The satellite all-electric Eutelsat is going to beat speed records commissioning




Airbus Space Systems could be proud of. Four months after its launch from Kourou by Ariane 5, on June 1st, the satellite Eutelsat 172B designed by the subsidiary space of the Airbus, for the account of the operator Eutelsat has already reached its geostationary orbit, beating the speed record of the updated position of a satellite with electric propulsion. In general, satellites, all-electric arrive at their final destination after a trip of six to seven months (seven months for the satellites Eutelsat 115 West B and ABS-3A launched in 2015 by SpaceX), compared to a week with chemical propulsion.

Airbus is “the first company to use the propulsion-power for satellites of this size and this capacity, which can reduce their start-up costs, explained the director of Space Systems within Airbus, Nicolas Chamussy. Moreover, the design of the system, the operating strategy and technology plasma Hall-effect used enabled us to carry out the update post electric the fastest ever performed since the transfer orbit to the geostationary orbit. This will allow Eutelsat to put their own satellite electrical service in a record time”.

The entry into service of Eutelsat 172B is planned around the 20th of November once the testing is in the orbit of its payload made and its transfer to the operating orbit carried out by the engineers of Eutelsat. Therefore, the satellite will provide enhanced services to the telecoms, connectivity, in-flight and broadcast television in the Asia-Pacific region. Its lifetime is expected to exceed 15 years through the electric propulsion used for its implementation, and its maintenance position. This satellite has an electrical power of 13 kW for a mass at launch of only 3,55 tonnes, thanks to the Eurostar E3000 platform of Airbus.

A fuel consumption six times lower

The control centre of Airbus in Toulouse has already supported the first operations, initialization, deployment of solar panel and arm of electric propulsion, as well as the initial testing carried out before the beginning of the updated post-electric 8 June. “In the course of the four months that followed, the trolling motors have pushed the satellite smoothly and effectively towards its orbit target, consuming nearly six times less mass of fuel that a satellite with chemical propulsion,” said Eutelsat in a statement published on Wednesday.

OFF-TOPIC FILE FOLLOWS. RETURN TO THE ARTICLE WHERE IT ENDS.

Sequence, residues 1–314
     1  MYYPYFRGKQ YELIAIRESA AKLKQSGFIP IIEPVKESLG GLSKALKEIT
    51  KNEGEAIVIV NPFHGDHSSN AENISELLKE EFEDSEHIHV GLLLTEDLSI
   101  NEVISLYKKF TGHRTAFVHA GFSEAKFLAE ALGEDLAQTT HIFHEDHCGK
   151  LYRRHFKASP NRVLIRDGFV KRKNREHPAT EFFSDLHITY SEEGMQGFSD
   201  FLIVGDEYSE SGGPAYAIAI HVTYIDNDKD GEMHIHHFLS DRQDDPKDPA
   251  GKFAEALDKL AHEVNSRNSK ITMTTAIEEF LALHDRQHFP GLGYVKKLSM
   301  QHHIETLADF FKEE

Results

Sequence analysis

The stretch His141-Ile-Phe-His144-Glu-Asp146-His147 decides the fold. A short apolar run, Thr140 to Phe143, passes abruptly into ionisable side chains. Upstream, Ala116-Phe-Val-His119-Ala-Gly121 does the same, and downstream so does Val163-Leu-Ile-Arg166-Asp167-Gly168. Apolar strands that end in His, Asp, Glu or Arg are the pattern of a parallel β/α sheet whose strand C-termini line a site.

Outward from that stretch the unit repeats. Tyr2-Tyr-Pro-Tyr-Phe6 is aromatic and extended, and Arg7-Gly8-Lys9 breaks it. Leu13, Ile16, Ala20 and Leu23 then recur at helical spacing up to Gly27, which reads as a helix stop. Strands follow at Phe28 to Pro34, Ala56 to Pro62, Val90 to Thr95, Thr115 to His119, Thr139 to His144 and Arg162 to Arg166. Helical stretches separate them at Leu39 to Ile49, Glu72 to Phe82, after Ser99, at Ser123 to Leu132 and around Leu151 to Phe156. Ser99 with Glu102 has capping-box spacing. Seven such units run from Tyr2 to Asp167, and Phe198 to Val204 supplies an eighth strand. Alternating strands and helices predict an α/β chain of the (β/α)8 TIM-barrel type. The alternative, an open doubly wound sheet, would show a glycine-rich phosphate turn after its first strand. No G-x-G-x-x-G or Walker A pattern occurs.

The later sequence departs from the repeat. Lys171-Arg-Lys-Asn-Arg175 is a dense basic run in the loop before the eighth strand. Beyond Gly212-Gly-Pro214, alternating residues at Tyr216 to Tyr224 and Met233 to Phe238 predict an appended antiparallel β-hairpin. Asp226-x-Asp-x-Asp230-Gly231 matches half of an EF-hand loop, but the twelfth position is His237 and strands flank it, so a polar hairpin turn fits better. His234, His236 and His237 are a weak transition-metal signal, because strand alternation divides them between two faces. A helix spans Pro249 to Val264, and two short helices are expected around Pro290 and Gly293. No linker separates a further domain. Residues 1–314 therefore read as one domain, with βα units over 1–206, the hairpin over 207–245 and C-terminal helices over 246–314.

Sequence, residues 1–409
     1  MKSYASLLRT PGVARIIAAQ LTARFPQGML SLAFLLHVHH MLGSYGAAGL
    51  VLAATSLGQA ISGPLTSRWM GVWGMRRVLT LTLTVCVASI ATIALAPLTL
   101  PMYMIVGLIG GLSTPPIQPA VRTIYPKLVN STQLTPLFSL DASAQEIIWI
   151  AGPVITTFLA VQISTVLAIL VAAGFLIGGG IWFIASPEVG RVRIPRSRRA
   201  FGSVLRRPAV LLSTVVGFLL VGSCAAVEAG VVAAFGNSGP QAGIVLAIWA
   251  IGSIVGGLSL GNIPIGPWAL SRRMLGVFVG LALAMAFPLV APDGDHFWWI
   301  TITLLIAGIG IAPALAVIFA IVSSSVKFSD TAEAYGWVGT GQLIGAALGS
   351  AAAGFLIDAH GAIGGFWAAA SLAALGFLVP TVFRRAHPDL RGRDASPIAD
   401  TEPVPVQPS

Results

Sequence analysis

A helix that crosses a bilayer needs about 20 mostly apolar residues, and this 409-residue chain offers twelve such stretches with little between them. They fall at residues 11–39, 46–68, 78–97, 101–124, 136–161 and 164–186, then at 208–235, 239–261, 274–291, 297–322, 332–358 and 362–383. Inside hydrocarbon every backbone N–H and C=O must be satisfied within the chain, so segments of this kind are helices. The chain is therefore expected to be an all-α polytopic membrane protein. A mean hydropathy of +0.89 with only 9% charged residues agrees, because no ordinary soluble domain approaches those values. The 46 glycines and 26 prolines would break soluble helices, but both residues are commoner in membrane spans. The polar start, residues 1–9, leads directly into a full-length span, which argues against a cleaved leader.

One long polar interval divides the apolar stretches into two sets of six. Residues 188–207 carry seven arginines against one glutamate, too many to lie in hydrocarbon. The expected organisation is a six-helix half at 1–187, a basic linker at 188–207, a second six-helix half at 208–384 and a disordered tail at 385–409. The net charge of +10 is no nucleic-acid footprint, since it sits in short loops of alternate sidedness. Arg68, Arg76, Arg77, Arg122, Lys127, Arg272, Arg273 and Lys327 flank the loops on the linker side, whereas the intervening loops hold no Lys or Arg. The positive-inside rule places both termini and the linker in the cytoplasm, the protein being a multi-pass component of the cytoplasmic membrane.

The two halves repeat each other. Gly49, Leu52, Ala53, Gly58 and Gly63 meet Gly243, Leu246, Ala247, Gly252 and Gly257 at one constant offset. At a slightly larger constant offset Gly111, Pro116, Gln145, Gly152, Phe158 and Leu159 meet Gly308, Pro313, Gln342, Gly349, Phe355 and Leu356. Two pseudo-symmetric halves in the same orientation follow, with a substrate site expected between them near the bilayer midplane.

“Eutelsat 172B confirms the relevance of our strategy, vis-à-vis of the electric drive train (…) allow us to optimize our investments. By combining electric propulsion, high-capacity, robotic arms and the use of techniques of 3D printing, this new satellite, reflects the ability of Europe to push the innovation to increase the competitiveness of our business,” explained the technical director of Eutelsat, Yohann Leroy.

Thanks to the technology of Airbus, Eutelsat has been able to launch a satellite that is twice as heavy as the Eutelsat 115 West B and Eutelsat 172B has put almost twice less time than him to make it up to substation.

Why is this record

The success and the record of the orbiting electrical are due to two innovations of Airbus :
two robotic arms that are deployable that guide micropropulseurs power and control the direction of the thrust and attitude during the different phases of the mission as well as the vast global network of ground stations WALIS (Wide-Angle Localization Integrated System) developed by Airbus. This network has enabled the engineers to control the operations of placing in orbit until the satellite reaches its position on the geostationary orbit.

The development of satellites, all-electric Eurostar Airbus and Thales Alenia Space, is supported by the european space Agency (ESA) and the space agencies of the european States, in particular the CNES in France, in the framework of the Investment Plan for the Future, and the space agency of the uk.

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